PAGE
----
Task Team for Software Releases
This topic describes the release task team. The process followed by this team is described in ReleaseProcess
- Customer focused features
- Efficient process to handle new features from proposal to implementation
- Focused on mission, quality and performance
- Plan and Coordinate next major/minor release. Decision of release plans are done with the board of the Foswiki association.
- Plan and communicate important milestones such as
- Feature Freeze
- Code Freeze
- Branch from trunk to release branch
- String freeze
- Beta releases
- Release candidate releases
- Final release
- Maintain ReleasePlan
- Delegate responsibility when unavailable
- Monitor feature proposals.
- Maintain the ReleaseProcess
- Ensure that the proposal has a committed driver that will implement it if accepted.
- Ensure that the proposal when committed also has a date of commitment which is not in the past.
- Ensure the proposals are visible in the 14-day rule searches on FeatureProposals for at least the 14-days
- Note if concern has been raised.
- Follow the discussions and see if consensus is reached.
- If discussion stops without a result decide try to trigger the community to end the discussion
- If no consensus is reached bring forward features with proposals to a community vote
- Authorise fixes (patches, or inter-release update packages)
- Decide and Create the patch releases as required
- When very severe bugs are found shortly after a release
- When a level 1 or 2 security issue is found that requires a fast release
- When the number of bugs has pilled up to a level that justifies a release. Listen to the community and release patch when there is a general wish in the community to have one.
- Create upgrade package that can be applied to any previous release within same major/minor tree
- Upgrade package containing all files minor/major release (last decimal 0 in release number) except a short list of files that admins normally tailor.
- Ensuring that upgrade package can be applied to a production site with almost no downtime to fix things.
- Excluding files that may have been updated but changes are not necessary and would make the upgrade less easy.
- Recruit and coach the CustomerAdvocates who are members of the community that represent the end users more than the developers.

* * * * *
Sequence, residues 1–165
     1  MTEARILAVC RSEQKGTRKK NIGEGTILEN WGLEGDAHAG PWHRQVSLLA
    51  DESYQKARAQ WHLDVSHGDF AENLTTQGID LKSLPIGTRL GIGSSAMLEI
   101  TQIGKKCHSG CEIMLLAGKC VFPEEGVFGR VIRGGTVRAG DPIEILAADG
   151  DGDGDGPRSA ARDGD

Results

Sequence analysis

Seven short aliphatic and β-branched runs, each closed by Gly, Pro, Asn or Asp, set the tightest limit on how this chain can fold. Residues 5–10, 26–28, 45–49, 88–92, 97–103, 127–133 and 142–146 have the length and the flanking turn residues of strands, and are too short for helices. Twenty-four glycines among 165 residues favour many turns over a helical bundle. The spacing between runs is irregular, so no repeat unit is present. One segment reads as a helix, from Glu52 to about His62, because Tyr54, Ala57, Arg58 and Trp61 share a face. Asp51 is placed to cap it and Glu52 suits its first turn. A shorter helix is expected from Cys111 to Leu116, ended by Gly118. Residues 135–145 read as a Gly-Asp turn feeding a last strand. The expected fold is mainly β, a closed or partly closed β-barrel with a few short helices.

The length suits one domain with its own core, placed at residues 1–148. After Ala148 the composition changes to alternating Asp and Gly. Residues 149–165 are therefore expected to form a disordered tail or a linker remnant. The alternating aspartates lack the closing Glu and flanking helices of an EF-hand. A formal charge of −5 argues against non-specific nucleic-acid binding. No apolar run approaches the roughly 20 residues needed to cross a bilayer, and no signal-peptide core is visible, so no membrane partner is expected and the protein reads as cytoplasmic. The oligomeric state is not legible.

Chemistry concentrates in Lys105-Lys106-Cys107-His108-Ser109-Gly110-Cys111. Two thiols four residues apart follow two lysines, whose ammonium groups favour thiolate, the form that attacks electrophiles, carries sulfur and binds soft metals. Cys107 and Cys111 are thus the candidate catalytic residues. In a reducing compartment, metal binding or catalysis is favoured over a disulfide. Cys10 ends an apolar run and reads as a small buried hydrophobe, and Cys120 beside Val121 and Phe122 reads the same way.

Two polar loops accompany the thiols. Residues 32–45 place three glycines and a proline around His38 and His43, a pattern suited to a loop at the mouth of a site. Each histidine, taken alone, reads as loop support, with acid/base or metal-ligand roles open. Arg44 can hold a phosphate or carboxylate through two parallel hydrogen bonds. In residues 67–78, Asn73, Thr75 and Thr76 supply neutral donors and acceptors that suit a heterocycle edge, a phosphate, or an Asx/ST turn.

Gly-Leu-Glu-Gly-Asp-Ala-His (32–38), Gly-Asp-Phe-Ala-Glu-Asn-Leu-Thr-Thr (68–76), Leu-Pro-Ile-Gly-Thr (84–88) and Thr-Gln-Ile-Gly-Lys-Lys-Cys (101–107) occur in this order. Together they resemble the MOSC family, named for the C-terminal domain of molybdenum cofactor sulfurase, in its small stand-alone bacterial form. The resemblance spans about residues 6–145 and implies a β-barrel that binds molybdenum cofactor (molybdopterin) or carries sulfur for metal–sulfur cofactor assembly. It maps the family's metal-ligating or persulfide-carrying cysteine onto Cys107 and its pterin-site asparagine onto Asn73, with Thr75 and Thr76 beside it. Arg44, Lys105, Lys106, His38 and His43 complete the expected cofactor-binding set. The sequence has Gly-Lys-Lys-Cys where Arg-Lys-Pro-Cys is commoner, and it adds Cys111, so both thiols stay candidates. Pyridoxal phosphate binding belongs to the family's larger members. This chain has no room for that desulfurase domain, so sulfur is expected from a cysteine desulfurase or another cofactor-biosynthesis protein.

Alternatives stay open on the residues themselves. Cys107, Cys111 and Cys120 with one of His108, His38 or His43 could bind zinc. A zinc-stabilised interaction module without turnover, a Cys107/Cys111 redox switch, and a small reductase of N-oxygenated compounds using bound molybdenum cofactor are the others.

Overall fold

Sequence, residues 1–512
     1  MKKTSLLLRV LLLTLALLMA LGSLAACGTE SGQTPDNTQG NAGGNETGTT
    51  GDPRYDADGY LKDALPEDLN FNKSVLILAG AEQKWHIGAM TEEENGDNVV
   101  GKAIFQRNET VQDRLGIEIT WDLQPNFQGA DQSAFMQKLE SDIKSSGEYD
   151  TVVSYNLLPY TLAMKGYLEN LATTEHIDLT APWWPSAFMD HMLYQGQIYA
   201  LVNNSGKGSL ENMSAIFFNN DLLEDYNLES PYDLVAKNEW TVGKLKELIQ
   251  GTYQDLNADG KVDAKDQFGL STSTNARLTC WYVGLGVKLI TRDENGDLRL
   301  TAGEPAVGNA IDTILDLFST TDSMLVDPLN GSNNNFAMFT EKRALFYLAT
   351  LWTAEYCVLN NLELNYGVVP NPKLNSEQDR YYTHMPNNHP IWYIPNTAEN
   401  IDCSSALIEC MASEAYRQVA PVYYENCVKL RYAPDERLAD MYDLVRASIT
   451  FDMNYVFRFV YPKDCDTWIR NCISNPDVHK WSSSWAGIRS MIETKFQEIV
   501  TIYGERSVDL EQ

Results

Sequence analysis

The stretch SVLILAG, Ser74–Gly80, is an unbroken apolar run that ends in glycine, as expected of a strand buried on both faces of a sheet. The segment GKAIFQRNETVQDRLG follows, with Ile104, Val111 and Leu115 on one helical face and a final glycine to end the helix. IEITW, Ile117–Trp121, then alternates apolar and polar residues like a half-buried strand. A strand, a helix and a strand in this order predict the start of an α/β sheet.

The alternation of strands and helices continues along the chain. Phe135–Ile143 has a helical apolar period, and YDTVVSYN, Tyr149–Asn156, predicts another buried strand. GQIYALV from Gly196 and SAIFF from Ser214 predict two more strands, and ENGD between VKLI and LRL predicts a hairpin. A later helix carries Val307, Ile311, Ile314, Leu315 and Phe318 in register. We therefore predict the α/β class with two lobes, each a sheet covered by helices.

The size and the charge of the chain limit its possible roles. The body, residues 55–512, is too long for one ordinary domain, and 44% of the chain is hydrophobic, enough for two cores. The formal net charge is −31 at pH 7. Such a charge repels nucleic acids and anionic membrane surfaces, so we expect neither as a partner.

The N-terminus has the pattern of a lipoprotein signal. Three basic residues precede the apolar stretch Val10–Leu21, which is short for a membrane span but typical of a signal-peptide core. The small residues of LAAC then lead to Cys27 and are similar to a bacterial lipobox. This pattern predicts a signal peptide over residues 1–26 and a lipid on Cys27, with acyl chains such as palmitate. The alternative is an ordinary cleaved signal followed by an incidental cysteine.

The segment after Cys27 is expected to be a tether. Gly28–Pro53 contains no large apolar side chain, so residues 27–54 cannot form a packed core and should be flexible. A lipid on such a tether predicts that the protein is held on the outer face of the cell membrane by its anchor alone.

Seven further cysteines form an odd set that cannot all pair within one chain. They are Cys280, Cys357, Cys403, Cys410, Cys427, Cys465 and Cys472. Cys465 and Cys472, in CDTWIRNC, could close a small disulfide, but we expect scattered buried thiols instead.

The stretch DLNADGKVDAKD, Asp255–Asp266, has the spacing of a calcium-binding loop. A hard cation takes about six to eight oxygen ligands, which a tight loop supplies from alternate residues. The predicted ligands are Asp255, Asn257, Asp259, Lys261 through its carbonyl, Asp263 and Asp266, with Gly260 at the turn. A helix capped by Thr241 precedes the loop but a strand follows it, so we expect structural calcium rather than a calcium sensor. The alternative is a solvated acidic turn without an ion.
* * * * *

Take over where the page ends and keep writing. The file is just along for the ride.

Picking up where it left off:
(not including the obvious of writing code and fixing bugs)
- Normally running from minor/major to next minor/major release
- DebianPackagingTaskTeam is outside the scope but we communicate via the normal channels (mailing list, IRC, foswiki.org) so the debian team knows when the release is coming.
I (Kenneth) do not see myself having power. I am secretary that coordinate and suggests releases. Those releases that I have "dictated" have been security related patch releases and not planned releases.
I believe the right thing is to redefine this team again and I will take a stab at this trying to describe what we have and describe my own role (assuming that noone currently have a desire to do what I do).
I will gladly continue my role as release manager. I am not a great programmer. I am a project manager by skill. And I think I can best serve the project in this role. Some of the old description above is a lot about power. I do not see my role as a power role. I am a secretary that tries to keep an overview of the releases, does many practical things, and reminds people about "misc stuff" so everything gets done.
The specialized releases like debian etc are normally coordinated. But with the security initiated releases I do not have a good answer to how to coordinate this and at the same time keep things secret while developers are looking for a fix. Suggestions welcome. In practical life people have responded fast after I release but maybe a simple email notification to a short list of special release maintainers that I send 2 days before a security release is what is required. For regular releases the public release plan should be shouted out to everyone all the time.
Decisions of releases of major and minor releases are best taken by the board of the association and this is what has happened with 1.1.0.
Latest update is that we now have a release plan that was agreed at the early March board meeting. See ReleasePlan
It has also been announced on foswiki-discuss mailing list.
- 11 Mar 2010
Kenneth and George are currently the main driving forces coordinating new Foswiki releases.
- 11 Jun 2012